In today’s environment of hackers and security incidents, as a Salesforce Administrator, we need to ensure that security of our Salesforce org is tight and access to our orgs aren’t wide open. This is extremely important especially where our orgs have PII (personally identifiable information) or PHI (protected health information) data, we don’t want our company to show up in the news as the next company that has leaked customer data.
This is the second article in a 3-part series covering the security options available for configuring Salesforce access. Based on your industry, the level of data stored in Salesforce, the type of users accessing Salesforce, etc., gauge the level of security best suited for your Salesforce org and implement accordingly.
If you missed the first article, you can catch up now.
We will be covering the following in this article:
- Use Case: I Want to Specify How Salesforce Authenticates My Users
- Use Case: I Want Users to Login with SSO, Eliminate the Need to Issue and Reset Passwords
- Use Case: I Want to Increase My Security with 2-Factor Authentication
- Use Case: I Want Users to Access Salesforce With Social Logins
Use Case: I Want to Specify How Salesforce Authenticates My Users
By default, Salesforce provides users access via its native username and password.
However, that is not your only choice.
You can implement single sign-on for your users, or increase extra security by implementing two factor authentication or even use social signon with Google, Facebook, Amazon, etc. via OpenID connect.
Use Case: I Want Users to Login with SSO, Eliminate the Need to Issue and Reset Passwords
There may be several reasons why you don’t want to use the native Salesforce username/password authentication for use access. You don’t want to deal with the hassle of issuing and managing password resets and users don’t want yet another username/password to an application to remember.
By using single signon, especially within the company’s network, users can be automatically logged into Salesforce, without needing to provide their username/password. When external to the company’s network, users use their company network login to access Salesforce.
Your company may have a centralized LDAP to manage user access so if you delegate Salesforce authentication, when a user is removed from the LDAP system, their access to Salesforce will also be removed.
There are two methods to use for single signon:
- Federated authentication using SAML where authentication and authorization data is sent between the federated services and Salesforce before it allows the user access to Salesforce. Federated authentication using SAML is enabled by default for single signon. Note: This is the most common implementation for single signon.
- Delegated authentication allows for integration between Salesforce and your company’s LDAP server. Delegated authentication is provided by permissions, rather than as an org wide setting. To use this feature, you need to submit a Salesforce case to enable this for your org. Note: For added security, you can enable this feature in your org, but do not provide an end point URL.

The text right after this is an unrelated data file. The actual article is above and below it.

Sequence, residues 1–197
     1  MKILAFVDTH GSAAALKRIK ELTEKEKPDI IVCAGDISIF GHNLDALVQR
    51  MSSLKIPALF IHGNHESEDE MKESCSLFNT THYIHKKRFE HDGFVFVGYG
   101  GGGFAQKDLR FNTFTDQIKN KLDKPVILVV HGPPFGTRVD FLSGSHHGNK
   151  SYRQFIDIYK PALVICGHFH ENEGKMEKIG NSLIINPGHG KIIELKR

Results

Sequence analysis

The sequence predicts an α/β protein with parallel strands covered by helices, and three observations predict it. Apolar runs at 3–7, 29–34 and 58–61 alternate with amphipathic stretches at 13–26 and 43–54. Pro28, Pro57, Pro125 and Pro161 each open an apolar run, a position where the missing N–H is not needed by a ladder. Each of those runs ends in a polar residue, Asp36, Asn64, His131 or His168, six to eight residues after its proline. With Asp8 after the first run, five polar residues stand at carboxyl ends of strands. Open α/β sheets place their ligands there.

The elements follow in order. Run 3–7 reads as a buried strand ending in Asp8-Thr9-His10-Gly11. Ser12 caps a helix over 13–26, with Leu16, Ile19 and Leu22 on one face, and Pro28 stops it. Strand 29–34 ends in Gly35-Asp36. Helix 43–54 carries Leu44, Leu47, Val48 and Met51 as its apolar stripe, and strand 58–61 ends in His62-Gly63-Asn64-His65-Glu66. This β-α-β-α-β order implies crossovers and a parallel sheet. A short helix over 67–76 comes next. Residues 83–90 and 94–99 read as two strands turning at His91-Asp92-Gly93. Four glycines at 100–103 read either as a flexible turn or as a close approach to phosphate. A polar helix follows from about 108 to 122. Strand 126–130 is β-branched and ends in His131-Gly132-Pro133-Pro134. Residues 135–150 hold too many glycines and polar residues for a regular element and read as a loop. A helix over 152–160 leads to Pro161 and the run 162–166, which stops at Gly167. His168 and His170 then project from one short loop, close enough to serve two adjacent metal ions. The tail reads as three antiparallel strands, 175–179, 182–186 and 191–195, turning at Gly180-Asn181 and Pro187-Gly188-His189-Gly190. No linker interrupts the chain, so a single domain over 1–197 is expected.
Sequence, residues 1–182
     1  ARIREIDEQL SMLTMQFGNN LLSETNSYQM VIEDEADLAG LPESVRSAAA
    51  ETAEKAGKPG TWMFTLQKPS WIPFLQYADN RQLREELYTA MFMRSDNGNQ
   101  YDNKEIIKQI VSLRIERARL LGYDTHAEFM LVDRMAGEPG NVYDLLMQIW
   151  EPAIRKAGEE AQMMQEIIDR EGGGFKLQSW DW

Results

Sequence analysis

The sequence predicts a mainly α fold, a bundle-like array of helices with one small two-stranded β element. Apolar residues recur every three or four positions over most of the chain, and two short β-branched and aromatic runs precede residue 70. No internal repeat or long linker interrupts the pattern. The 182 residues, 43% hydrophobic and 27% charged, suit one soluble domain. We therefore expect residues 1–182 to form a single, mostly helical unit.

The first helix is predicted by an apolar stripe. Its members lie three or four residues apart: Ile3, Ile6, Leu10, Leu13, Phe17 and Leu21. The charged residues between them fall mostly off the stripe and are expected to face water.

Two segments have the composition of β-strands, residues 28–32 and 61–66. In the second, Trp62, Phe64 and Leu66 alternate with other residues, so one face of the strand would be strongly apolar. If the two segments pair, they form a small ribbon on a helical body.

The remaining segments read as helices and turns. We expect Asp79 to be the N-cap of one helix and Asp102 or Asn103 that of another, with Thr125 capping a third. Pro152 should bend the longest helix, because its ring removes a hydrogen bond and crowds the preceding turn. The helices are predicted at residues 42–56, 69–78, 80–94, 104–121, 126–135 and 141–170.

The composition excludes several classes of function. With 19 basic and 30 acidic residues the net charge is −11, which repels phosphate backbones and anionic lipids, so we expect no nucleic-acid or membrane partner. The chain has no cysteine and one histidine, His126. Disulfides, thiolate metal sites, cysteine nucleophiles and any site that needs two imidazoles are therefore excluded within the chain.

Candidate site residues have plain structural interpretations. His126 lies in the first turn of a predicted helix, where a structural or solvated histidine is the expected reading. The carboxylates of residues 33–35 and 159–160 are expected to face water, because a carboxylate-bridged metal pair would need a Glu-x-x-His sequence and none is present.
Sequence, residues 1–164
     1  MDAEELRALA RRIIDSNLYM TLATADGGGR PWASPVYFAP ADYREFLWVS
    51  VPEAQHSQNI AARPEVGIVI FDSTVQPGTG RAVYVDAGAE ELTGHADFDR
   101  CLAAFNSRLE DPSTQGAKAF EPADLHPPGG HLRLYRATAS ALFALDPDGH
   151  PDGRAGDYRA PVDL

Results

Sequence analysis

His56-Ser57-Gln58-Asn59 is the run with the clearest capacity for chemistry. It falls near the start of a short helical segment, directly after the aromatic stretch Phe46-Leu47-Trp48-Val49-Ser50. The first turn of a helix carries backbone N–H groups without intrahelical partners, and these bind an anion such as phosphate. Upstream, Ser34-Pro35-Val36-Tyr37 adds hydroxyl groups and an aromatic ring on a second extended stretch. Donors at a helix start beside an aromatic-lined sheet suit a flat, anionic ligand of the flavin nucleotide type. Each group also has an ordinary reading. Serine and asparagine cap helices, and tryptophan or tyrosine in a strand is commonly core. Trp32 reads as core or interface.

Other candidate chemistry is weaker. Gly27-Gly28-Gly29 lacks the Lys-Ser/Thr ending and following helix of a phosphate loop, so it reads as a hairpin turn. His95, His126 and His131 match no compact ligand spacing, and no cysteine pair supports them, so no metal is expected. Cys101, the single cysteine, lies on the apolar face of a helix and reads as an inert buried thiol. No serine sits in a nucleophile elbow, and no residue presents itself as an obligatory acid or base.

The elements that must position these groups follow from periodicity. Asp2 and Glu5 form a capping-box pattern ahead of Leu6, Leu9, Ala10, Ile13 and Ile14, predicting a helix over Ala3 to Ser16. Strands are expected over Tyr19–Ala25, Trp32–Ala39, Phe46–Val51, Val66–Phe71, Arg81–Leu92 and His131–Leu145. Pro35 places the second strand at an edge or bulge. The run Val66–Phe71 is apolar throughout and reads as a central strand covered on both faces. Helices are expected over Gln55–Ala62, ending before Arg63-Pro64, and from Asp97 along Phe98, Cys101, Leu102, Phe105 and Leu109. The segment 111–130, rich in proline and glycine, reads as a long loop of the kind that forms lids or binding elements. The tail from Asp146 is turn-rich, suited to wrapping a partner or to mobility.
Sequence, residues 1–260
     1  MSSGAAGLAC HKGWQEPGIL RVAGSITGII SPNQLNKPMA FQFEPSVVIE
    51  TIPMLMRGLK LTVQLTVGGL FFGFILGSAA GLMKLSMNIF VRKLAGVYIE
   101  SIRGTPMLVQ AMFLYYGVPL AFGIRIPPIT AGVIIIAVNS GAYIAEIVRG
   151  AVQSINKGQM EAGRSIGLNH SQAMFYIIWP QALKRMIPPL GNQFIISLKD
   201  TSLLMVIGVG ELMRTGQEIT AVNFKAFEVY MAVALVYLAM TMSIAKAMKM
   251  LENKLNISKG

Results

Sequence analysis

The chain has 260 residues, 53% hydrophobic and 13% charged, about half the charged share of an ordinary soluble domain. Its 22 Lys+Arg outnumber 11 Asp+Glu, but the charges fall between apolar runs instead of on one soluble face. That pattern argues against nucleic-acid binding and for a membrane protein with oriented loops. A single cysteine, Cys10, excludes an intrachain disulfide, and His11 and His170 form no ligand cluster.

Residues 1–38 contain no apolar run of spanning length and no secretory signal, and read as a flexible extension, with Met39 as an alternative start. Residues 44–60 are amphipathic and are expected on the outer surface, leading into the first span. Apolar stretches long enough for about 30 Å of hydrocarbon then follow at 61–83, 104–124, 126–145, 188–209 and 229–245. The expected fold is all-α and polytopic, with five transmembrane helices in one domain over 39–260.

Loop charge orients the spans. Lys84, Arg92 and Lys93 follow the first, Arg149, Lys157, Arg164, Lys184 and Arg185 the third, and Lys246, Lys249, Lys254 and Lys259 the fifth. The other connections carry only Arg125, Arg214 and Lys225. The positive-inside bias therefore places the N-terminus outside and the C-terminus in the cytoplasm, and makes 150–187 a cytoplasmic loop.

We will talk through Single Signon via Federated Services using SAML, since this is the more popular method.
There are two types of logins: SP (Service Provider) initiated and IDP (Identity Provider) initiated.
The SP-initiated login is the authentication process when a user accesses via the custom domain. User’s authentication goes to Salesforce and Salesforce passes the SAML request to the Identity Provider. The Identity Provider validates the SAML request and sends back the SAML assertion. If the SAML assertion is valid, the user is allowed to login.
The IDP-initiated login is the authentication process where the user accesses via the identity provider’s URL (example: <identity provider path>/IdpInitiatedSignOn.aspx?LoginToRp=https://<custom domain>. The request goes to the Identity Provider which validates the user. The Identity Provider passes the SAML assertion for the user onto Salesforce. If a valid SAML assertion is passed to Salesforce, the user is allowed to login.
The below image shows the SP-initiated and IDP-initiated login processes.
Step 1. To set up the Single Signon configuration, go to Setup | Security Settings | Single Sign-On Settings
Step 2. Click on the “New” button in the SAML Single Sign-On Settings.
Step 3. Provide the SSO settings and save changes.
Visit Salesforce’s Help & Training for more information on the SSO setup.
Step 4. Click on the “Download Metadata” button to download the SSO Configuration XML. Send this file to your identity provider to configure on the IDP side.
Step 5. Once configured on the IDP side, go back to the Single Signon Settings screen and check “SAML Enabled” and save changes.
Step 6. Test the SP- and IDP-initiated URLs to ensure both are working.
If they do not, you will need to troubleshoot the issue with your Identity Provider.
(Optional) Step 7. For added security, enable Delegated Authentication and leave the Delegated Gateway URL empty.
Note: Delegated Authentication is a feature that needs to be enabled by Salesforce.
Now, you need to determine whether you want to make your users single sign-on users only, which means these users will not be able to use their Salesforce username/password to log into Salesforce. You can enforce this either at the profile level or via a permission set. You can automate the assignment of the permission set to your users using process builder and visual workflow.
The permission can be found under System Permissions:
Here are some things to consider with SSO:
- You do not want to enforce SSO on your system administrator profile.